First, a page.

The International Air Transport Association (IATA) has expressed opposition for a proposed tourist tax, arguing that carriers should not bear the burden of the expenses that come with collecting it.
IATA Regional Director Vinoop Goel claimed that the income earned by Labour’s pre-election proposal of a $25 per head fee on foreign visitors would be overshadowed by loss of business.
In a letter penned and addressed to Transport Minister Phil Twyford, Goel argued that passenger numbers could plunge by 78,000 a year as price conscious consumers responded negatively to raised costs.
“We respectfully request that the New Zealand authorities actively reconsider the decision to impose the tourism tax and to use alternative revenue resources to raise funds,” Goel said in the correspondence.
Goel said IATA protests to any form or tax or fee where the income was not reinvested in aviation services or infrastructure.
He said Labour’s proposal infringed on an international aviation convention New Zealand had signed up to.
Exceptions for New Zealanders need to be manually processed and this administrative load, along with the financial expense, should not be carried by airlines.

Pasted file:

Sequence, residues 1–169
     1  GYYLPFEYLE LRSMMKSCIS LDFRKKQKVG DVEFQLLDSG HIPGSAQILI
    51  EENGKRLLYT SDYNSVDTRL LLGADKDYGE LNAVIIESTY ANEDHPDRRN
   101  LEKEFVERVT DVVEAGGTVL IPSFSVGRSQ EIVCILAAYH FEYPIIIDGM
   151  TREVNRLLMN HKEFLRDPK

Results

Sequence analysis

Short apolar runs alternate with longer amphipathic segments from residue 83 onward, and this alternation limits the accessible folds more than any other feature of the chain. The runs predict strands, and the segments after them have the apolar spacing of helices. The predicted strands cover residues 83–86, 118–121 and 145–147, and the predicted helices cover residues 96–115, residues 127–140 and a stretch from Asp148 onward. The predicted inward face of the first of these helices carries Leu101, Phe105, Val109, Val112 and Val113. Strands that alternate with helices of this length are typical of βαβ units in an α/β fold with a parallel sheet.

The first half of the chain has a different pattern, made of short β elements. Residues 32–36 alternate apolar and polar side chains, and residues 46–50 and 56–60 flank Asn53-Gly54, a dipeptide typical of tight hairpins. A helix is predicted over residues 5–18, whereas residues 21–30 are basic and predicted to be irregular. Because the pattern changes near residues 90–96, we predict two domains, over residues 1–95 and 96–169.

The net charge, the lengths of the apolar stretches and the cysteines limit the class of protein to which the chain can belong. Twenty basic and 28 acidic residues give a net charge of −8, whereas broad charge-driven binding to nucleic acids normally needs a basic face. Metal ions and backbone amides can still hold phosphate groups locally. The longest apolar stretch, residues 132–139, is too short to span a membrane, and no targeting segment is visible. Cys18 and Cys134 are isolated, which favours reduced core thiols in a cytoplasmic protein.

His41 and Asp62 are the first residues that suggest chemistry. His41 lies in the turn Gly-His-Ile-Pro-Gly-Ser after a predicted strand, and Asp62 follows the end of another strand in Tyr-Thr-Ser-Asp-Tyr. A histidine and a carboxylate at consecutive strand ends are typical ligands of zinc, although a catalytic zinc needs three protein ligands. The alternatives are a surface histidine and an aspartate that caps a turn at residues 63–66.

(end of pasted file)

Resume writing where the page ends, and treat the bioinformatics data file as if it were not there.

IATA stated that if a tax was initiated, New Zealand officials should take care of collection.
However, the visitor levy is not yet final.
Tourism Minister Kelvin Davis stated he wanted to ensure they applied something effective and would be talking to the tourism industry and airlines before any final decision was made.
“We need to address the extra demands on facilities that are used by both visitors and residents, particularly where there are fewer rate payers.
“I’m working with my officials to explore the range of potential funding options through central Government – including a levy – and what options, or package of options, might work best,” Davis said.
Last year, a report commissioned by Air New Zealand, Auckland and Christchurch airports, and Tourism Holdings proposed an establishment of a $130 million a year infrastructure fund with resources coming from a 2% national bed tax and a $5 raise in the departure tax.
It stressed this would come to less than 1% of the average international visitor expenditure of about $3,700.